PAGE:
The world is becoming increasingly global. This raises important challenges for regulatory
processes which still largely emanate from domestic jurisdictions. In order to eliminate
unnecessary regulatory divergences and to address global challenges pertaining to
systemic risks, the environment, and human health and safety, governments increasingly
seek to better articulate regulations across borders and to ensure greater enforcement
of rules and their application across jurisdictions.
This report gathers in a synthetic manner the knowledge and evidence available to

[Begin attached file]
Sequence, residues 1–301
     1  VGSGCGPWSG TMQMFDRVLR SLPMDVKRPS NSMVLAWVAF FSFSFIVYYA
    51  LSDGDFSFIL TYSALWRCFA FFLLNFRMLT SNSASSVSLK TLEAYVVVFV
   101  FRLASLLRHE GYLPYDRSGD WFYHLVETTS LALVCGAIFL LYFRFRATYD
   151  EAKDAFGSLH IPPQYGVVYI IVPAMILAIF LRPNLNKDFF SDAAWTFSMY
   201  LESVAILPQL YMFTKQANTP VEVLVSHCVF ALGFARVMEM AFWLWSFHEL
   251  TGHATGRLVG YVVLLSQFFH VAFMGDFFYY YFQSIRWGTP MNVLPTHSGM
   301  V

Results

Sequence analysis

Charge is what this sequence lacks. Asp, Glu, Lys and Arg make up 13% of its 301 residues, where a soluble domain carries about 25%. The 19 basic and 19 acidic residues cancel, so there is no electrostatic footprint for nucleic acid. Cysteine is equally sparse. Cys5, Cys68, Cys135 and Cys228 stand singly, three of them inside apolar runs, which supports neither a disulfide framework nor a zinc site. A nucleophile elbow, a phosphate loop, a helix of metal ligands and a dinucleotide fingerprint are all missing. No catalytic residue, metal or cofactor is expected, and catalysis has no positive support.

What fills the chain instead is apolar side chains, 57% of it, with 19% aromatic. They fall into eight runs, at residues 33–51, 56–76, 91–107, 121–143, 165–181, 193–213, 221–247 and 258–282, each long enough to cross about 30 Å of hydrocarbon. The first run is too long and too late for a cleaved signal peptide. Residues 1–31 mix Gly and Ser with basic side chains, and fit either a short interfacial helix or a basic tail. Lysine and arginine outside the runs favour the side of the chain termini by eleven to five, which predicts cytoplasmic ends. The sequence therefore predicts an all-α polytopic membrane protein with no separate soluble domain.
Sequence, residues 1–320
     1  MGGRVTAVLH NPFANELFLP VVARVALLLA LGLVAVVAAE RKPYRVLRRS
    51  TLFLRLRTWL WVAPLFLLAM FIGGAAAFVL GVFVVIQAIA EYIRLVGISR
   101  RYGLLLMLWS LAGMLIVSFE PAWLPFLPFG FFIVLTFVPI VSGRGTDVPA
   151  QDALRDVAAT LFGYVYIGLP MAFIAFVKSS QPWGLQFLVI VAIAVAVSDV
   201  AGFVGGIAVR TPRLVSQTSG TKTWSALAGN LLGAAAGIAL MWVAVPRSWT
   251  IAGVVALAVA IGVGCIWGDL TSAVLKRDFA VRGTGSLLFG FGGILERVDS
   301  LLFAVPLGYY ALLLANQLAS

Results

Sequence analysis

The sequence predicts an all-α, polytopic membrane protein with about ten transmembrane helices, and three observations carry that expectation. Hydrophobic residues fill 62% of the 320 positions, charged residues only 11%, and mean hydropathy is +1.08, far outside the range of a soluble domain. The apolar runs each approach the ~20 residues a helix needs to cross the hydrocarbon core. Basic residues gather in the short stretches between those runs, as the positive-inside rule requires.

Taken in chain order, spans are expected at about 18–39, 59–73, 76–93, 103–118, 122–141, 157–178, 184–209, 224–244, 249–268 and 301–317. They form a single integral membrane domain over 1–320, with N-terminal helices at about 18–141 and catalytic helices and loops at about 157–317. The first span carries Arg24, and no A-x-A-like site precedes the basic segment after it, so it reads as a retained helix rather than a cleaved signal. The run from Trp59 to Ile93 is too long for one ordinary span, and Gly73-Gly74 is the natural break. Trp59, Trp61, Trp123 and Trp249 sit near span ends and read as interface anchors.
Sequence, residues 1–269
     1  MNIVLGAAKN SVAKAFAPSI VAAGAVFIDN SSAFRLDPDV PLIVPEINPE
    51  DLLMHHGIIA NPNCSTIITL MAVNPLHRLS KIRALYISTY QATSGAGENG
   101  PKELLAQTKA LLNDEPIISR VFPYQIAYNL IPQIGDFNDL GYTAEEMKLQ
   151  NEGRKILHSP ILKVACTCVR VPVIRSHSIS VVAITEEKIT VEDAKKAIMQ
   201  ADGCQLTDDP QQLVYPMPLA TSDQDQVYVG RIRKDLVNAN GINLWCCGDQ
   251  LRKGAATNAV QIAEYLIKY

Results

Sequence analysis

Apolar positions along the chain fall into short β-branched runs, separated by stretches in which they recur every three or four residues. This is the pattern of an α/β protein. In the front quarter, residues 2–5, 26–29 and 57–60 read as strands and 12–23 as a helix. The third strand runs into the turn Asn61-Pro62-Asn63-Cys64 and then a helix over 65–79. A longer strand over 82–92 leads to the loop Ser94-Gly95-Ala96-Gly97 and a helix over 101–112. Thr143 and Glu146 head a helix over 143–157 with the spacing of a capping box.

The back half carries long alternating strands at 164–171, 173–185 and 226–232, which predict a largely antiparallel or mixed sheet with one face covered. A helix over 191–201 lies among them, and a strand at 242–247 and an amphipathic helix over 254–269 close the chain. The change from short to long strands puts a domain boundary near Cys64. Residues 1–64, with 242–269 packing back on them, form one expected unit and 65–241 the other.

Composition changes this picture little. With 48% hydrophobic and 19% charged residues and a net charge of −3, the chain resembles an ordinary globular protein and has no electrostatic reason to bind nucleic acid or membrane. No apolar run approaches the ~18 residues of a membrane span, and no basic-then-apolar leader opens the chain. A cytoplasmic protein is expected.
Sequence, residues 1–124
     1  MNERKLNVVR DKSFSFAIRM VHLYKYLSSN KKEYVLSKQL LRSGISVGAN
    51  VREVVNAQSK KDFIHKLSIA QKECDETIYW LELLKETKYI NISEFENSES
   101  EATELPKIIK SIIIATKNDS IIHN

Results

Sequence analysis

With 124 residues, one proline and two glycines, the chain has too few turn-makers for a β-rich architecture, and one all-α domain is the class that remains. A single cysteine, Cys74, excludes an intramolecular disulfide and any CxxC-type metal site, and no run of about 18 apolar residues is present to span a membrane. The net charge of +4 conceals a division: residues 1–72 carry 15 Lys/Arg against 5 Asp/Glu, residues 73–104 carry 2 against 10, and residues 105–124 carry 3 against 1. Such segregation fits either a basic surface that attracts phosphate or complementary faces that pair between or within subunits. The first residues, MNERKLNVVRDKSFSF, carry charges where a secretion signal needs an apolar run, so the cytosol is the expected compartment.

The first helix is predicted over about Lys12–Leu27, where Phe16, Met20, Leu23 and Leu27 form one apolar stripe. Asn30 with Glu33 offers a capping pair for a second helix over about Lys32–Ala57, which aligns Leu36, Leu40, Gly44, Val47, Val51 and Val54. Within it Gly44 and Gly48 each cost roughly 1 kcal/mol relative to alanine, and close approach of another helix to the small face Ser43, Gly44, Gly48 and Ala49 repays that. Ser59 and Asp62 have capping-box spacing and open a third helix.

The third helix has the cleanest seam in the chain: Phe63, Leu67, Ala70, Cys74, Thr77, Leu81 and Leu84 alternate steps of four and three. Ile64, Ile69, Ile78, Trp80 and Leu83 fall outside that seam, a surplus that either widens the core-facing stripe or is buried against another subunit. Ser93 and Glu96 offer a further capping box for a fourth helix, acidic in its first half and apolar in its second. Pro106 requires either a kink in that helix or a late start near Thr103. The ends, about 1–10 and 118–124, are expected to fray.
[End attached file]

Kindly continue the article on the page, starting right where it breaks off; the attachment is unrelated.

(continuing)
date on the various mechanisms available to governments to promote regulatory co-operation,
and their benefits and challenges. The review of evidence confirms the increased internationalisation
of regulation, which takes place through a wide variety of mechanisms and multiple
actors, and highlights a shift in the nature of IRC from complete 'harmonisation'
of regulation to more flexible options - such as mutual recognition agreements. Despite
growing regulatory co-operation, however, decision making on IRC is not informed by
a clear understanding of benefits costs and success factors of the diverse IRC options.